I formatively assess students through digital technology like Plickers, Kahoot, and Poll Everywhere. Plickers (Paper clickers) is a free software tool designed like QR codes to collect students’ answers to questions. I create questions on the Plickers website (www.plickers.com) and assign each student a card number. I will read and display the question on the SmartBoard and scan the room to determine students’ answers. The answers are displayed on my device in two colors (incorrect/correct) and in graphical form. This gives me a good visual of where students excel in the curriculum and where they struggle. I also use Kahoot (www.getkahoot.com) as a whole group assessment of students’ understanding. Kahoot allows me to write questions, allows for an allotted amount of time for each question to be answered, and for students to be ranked on time and the correctness of their answer. The students are fully engaged in this activity because it’s over material they’ve all covered, there is music that is aligned with the timer, and they get instant feedback. I also get a report showing their answers to the questions at the end of the game. I use this report, which uses conditional formatting, to show me which answers are correct and which are incorrect. I love how the visual gives me feedback on what students still need to master. I’ve also found Poll Everywhere (polleverywhere.com) to be a great way to formally assess my students. For instance, I asked my students to give me an example of something that is within the hydrosphere. They messaged their answers to our classroom code. It was then displayed on our SmartBoard as a word cloud. I’ve also used Poll Everywhere in conjunction with small group discussion groups with a checklist of skills and standards students need to achieve. For instance, I first used Poll Everywhere to check to see if students understood what objects would be in the hydrosphere, atmosphere, geosphere, and biosphere. I wanted to see if they understood the definitions before we moved onto more complex tasks. The word cloud created a list of all the objects in each sphere. I then had students take words from the word cloud and create drawings showing how the four spheres would interact. The students then shared their drawings via Apple TV and the SmartBoard in small groups. I gave verbal feedback in front of the group as well as asked probing questions if I needed to.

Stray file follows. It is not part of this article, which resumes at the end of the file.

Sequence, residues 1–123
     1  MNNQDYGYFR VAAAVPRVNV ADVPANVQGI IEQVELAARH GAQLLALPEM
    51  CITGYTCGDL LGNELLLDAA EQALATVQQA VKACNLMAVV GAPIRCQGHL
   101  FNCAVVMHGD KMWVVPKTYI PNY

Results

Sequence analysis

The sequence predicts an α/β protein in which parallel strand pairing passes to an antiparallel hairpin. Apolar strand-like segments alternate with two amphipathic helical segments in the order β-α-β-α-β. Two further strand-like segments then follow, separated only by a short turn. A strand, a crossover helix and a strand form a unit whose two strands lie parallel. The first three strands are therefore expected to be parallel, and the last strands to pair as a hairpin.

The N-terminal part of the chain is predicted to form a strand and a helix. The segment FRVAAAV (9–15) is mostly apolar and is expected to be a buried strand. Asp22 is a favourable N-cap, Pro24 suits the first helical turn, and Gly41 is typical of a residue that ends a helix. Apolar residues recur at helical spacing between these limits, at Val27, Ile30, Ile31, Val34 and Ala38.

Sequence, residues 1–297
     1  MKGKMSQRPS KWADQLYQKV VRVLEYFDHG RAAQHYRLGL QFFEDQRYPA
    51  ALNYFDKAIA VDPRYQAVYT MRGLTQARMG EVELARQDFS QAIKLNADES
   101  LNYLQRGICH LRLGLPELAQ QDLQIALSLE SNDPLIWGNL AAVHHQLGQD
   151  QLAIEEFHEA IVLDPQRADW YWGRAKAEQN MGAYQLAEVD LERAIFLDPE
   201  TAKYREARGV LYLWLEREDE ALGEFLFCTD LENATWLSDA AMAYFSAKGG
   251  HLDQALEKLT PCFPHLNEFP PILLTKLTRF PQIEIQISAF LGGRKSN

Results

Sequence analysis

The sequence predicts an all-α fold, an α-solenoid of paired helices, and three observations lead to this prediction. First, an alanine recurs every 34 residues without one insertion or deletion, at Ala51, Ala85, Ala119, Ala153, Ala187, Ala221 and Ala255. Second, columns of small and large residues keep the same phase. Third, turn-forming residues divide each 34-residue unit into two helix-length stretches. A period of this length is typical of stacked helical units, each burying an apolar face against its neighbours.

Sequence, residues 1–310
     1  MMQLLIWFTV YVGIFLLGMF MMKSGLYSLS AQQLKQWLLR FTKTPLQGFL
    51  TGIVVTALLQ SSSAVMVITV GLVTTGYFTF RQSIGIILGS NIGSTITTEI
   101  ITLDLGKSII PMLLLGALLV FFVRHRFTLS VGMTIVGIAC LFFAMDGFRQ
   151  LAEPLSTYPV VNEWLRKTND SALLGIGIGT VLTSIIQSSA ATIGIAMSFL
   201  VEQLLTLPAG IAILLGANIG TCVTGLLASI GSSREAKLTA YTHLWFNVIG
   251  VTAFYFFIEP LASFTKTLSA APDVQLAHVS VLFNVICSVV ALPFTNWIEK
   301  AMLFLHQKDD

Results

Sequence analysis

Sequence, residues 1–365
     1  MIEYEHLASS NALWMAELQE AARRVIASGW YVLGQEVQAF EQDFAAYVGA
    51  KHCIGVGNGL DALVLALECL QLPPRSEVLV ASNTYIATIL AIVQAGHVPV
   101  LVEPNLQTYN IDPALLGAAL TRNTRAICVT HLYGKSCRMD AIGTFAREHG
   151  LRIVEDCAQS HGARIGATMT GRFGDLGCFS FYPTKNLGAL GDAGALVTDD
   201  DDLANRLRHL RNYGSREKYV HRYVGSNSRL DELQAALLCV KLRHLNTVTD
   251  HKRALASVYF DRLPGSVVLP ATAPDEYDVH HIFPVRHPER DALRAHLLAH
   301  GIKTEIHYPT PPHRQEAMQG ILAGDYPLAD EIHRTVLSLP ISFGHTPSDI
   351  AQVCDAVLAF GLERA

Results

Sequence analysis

Blended Learning Model Overviews
Modified Flex Model with Gamification

After five years of traditional teaching, I broke away from direct instruction and moved into a self-paced, blended-gamified classroom. My students flexibly move through the curriculum while self-directing and managing their learning. This is done through the use of Classcraft, an online education gaming software, and our classroom game “Isle of Nosredna.” The addition of game elements into my classroom has helped my students stay on track and motivated as they progress through the science curriculum.

Number of Students: ~20 students/period

Number of Adults: one teacher

Length of Class Period/Learning Time: 51 minutes

Digital Content/Ed Tech Tools Used on a Regular Basis: Haiku Learning (LMS); Classcraft; Google Classroom; Doctopus (Add-on in Google Sheets connected to Google Classroom); Educreations; Flipboard; Symbaloo; Kidblog; ThingLink; Socrative; Kahoot!

Hardware Used on a Regular Basis: iPads (1:1); SMARTboard; Apple TV

Key Features: competency-based; student agency; project-based; gamification; innovative use of space

 
Learning Apps
Digital Distribution (Doctopus)

Doctopus is a widget you can use in Google to distribute documents. I use Doctopus because it's the only tool that I know of that will allow me to distribute a copy of a document to each student in view only mode (Google Classroom at this point only allows for edit only mode). I use Doctopus to distribute the Quest Contracts to students so that each student has access to the document (please see my "Model Overview" to learn about Quest Contracts). I have viewing and editing privileges, whereas each student only has viewing privileges. This widget allows me to update my students' Quest Contracts on my iPad after they have mastered an activity. The student can then go into the same document and view what they have completed and what they still need to complete. Doctopus also works with Google Classroom to allow me to important Google Classroom rosters.